Awakening from a dream with more than one hundred predictions about the future in his head, an unassuming Manhattan bassist becomes one of the world's most powerful men and hides his identity behind an online persona that is targeted by greedy corporations and dangerous enemies.
When the narrative really gets going, it moves with suspense and well-coordinated attention. The pacing slows during sections in which Will attempts to deal with his knowledge, but these are mostly present in the first two acts. The story maintains momentum as people around the globe first react to the Oracle with wonder, and then fear and anger. And herein is Soule’s greatest victory: The riots for and against the Oracle, the government operations, the religious sermons and the attempts to prove the predictions wrong all feel grounded and born out of a fully aware, digital world. Soule, a well-loved comic book writer of Daredevil, She-Hulk and Star Wars, has delivered a realistic meditation on the consequences of being different
The Oracle Year raises many questions, but adds constant twists of plot. Where did those predictions come from? Were they sent by a genie? Or a demon? If you’re told what you’re going to do in advance, can you just refuse to do it? If it happens anyway, are we looking at providence? Someone, or something, must have had a plan.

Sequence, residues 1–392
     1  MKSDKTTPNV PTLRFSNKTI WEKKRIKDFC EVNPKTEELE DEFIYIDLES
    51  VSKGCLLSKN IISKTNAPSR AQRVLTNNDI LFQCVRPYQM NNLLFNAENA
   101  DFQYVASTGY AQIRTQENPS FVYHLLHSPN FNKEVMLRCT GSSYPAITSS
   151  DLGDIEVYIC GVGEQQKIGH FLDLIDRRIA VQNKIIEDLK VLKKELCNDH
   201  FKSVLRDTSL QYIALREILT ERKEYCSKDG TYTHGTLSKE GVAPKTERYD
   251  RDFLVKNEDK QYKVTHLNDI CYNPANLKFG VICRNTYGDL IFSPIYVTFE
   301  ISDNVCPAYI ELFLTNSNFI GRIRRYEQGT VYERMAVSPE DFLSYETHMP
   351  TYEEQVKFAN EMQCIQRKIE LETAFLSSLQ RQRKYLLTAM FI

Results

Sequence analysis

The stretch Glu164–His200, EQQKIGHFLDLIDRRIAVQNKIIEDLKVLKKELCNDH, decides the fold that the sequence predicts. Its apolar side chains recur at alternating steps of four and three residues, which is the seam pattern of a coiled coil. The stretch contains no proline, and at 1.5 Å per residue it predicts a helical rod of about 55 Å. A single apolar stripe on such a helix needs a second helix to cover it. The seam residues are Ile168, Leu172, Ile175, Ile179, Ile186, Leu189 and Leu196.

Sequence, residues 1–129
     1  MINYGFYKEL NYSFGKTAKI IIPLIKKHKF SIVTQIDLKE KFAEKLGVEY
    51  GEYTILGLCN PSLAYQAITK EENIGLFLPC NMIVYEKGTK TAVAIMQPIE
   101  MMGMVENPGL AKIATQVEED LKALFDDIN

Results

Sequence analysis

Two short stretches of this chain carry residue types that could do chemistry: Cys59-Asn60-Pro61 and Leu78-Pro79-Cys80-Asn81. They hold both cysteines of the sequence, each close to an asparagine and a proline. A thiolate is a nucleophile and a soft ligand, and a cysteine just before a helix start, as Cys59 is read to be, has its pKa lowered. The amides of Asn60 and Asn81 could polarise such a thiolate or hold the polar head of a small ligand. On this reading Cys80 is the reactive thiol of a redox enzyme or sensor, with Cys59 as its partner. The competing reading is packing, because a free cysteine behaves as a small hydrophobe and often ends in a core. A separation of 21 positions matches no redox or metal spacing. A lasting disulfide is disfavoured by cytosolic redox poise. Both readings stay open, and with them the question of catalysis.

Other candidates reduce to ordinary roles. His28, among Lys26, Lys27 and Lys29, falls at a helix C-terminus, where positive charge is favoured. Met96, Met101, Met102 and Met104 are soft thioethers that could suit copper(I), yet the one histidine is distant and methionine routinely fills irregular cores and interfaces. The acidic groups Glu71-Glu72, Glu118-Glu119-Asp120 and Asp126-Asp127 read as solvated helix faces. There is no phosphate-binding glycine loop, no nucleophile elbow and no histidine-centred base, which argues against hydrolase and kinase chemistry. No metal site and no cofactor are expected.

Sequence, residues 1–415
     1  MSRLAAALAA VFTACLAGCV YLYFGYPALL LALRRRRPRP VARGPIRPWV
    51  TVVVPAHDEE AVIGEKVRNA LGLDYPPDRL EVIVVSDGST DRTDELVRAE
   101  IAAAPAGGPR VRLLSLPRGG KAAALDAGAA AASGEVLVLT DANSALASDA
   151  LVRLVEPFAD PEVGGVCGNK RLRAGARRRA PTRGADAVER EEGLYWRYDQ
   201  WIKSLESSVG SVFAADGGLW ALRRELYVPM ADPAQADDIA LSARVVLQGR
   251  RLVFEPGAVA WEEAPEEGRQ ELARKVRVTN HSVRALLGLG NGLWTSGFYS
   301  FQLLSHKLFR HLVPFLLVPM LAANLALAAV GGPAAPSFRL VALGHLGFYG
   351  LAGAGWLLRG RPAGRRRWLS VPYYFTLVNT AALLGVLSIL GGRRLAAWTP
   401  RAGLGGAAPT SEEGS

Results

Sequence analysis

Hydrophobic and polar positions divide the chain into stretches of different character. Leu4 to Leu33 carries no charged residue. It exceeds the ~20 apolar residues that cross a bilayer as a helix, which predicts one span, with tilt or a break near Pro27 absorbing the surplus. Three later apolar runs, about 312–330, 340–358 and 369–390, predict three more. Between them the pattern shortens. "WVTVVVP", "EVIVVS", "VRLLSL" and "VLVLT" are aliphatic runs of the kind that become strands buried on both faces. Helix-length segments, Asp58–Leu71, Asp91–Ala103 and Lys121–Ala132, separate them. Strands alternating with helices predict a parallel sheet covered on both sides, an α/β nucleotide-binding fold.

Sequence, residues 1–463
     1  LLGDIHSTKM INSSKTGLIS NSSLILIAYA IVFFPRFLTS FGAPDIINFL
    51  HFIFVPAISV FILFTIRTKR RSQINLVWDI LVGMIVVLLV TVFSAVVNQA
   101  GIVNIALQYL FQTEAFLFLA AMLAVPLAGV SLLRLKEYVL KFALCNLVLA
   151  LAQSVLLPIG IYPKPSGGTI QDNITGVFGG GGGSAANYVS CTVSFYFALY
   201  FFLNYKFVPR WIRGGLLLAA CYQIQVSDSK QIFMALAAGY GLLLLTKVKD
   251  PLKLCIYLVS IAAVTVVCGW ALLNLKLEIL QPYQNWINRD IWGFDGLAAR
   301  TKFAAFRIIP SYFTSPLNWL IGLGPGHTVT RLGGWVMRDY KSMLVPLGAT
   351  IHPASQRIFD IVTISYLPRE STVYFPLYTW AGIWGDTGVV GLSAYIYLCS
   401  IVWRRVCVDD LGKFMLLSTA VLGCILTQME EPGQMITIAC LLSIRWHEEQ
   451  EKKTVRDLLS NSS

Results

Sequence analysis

In Soule’s latest writing adventure, Will Dando is an average guitar player in New York—struggling to get by, occasionally assisted by friends—until he wakes from a dream with 108 predictions about the future in his head ... Will and his friends struggle to unscramble the pattern to the prophecies, including a few cryptic ones, while they attempt to evade an assassin grandmother, and the entire world panics about a warlord with a nuclear missile. Soule’s background in comics shows in this dark, rollicking tale.